Thursday, September 3, 2015

Dear Humans Who Left Their Dog To Die

You don't know me. I don't know you. The only connection we have is your former fur-kid. My wife and I, along with a handful of loving souls, saved your senior pup from an unnecessary fate. Death. For some unknown reason you were moving out of state in less than a week. Out of state as in over 3,000 miles away. I have no idea why you were making such a drastic move. Quite frankly, I don't care. What mattered to me is that a member of your family was sitting at a facility awaiting his death because you opted not to include him on this new chapter in your life.

Shame. On. You.

I'm guessing you're not aware of the stream of events that took place Monday on our end. Yours? We know very little. From what we learned, the movers were at your house. Your senior pup was brought to the facility. And kept. Waiting. Probably not knowing what his fate would be the following morning.

Did you have plans on being there when he took his last breath?

On the weekends, I spent a couple of hours planning out the week ahead. Between baking biscuits, spreading the biscuit love, fundraisers, whipping up Bodacious Raffle Baskets, dog Mom stuff, work and everything between, schedules and planning and leaving wiggle room is a must. It's not an option. During these couple of hours, I also tentatively plan for the week or two ahead.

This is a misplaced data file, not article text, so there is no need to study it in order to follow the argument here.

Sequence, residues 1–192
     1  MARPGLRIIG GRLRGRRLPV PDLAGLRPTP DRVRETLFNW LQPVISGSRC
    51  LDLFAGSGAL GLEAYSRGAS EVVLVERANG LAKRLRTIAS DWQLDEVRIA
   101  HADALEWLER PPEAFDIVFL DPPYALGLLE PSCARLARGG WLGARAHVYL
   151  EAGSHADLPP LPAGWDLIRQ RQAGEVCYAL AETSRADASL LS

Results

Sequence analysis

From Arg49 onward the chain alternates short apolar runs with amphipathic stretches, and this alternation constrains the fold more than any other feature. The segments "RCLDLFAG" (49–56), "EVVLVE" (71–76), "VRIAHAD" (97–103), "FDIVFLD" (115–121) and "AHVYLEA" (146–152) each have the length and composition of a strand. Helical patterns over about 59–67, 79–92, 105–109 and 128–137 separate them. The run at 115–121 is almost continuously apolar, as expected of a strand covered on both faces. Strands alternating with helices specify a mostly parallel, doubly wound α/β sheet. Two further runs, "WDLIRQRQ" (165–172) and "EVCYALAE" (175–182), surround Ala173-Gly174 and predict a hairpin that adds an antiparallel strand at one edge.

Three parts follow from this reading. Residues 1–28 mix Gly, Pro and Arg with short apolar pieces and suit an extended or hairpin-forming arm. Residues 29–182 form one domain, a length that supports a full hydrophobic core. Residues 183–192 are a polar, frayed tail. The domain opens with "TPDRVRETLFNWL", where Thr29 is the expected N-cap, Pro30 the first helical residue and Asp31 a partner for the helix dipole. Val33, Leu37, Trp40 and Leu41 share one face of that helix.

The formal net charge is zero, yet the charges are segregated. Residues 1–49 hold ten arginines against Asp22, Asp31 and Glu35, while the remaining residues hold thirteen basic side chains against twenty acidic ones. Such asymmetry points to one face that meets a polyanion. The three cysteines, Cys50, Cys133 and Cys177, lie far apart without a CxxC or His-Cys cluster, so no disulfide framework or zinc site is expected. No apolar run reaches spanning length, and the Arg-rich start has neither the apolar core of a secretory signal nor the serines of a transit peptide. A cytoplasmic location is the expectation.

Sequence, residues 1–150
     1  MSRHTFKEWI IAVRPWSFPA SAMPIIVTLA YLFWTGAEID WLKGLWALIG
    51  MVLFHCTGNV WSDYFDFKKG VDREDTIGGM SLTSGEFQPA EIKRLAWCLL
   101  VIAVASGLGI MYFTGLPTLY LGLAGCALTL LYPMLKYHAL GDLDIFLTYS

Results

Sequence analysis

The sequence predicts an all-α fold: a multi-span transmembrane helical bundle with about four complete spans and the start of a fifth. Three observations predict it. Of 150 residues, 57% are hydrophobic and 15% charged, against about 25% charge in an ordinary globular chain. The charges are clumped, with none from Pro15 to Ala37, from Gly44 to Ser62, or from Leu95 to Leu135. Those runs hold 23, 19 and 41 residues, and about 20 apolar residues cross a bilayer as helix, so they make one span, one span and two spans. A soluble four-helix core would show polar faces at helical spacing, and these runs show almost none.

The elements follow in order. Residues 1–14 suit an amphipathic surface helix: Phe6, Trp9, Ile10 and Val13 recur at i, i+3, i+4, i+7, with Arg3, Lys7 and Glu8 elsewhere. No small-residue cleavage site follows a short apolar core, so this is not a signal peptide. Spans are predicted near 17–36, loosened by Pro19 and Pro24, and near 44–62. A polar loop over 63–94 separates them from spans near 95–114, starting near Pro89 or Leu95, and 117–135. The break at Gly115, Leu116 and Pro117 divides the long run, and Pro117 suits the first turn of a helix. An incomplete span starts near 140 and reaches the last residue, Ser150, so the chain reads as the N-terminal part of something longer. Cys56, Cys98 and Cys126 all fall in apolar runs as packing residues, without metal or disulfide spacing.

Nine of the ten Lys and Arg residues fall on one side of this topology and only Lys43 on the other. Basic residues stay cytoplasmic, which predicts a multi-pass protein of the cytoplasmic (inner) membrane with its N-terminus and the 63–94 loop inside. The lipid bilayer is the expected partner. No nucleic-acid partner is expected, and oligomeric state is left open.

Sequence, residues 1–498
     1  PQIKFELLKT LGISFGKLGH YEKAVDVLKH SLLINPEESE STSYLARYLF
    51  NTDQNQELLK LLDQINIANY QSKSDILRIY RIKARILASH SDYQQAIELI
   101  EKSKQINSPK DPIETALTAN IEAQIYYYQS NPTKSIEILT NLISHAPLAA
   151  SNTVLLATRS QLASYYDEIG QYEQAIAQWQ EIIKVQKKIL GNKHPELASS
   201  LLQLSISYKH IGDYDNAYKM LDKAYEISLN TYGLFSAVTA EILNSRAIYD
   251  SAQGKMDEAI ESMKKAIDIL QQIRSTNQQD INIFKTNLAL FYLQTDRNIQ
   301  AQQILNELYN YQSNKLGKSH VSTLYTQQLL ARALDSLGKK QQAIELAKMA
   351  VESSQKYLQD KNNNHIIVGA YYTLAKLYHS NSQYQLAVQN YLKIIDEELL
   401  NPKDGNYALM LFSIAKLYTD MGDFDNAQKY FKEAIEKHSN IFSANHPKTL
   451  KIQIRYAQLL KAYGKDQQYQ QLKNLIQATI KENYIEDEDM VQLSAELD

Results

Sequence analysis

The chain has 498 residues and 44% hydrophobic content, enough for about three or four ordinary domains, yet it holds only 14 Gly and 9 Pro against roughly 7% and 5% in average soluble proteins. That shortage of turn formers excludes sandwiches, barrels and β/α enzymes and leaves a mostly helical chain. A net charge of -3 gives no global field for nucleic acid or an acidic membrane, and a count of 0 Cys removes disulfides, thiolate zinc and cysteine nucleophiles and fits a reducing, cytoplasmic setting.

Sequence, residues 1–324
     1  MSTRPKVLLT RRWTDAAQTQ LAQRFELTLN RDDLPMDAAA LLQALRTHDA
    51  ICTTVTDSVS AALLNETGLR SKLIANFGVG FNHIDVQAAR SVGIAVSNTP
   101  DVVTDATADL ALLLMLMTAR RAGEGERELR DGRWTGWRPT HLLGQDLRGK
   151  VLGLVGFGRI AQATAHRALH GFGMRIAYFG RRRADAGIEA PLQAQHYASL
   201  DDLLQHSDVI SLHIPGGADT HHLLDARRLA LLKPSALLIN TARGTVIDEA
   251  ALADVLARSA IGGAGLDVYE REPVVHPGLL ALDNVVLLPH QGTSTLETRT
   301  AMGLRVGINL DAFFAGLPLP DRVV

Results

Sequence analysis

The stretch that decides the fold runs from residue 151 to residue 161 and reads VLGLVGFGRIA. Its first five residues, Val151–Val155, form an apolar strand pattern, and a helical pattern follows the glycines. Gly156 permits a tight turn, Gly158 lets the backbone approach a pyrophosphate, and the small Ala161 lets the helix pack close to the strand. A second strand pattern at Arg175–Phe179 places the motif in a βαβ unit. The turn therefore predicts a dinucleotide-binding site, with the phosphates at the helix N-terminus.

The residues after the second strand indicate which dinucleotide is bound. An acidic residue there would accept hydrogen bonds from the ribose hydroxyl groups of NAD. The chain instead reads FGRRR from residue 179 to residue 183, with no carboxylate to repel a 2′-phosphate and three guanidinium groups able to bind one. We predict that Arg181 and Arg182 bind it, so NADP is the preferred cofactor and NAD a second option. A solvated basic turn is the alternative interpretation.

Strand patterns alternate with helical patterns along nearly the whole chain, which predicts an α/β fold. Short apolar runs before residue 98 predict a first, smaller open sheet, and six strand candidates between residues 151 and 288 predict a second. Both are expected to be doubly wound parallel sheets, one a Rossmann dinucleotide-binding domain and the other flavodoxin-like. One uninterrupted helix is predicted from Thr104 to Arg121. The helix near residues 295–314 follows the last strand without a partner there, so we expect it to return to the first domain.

Sometimes, despite the most intricately planned schedule, something happens that expands beyond our wiggle room. I may see something. Hear something. I'm made aware of a situation. And, it requires our immediate attention. This could happen at any given time during the week or hour of the day. Maybe a local shelter rescued a pup who requires immediate and costly medical care. Our day halts. We launch a fundraiser. Or, like with Monday, an urgent senior pup needs placement.

This isn't the first time that has happened.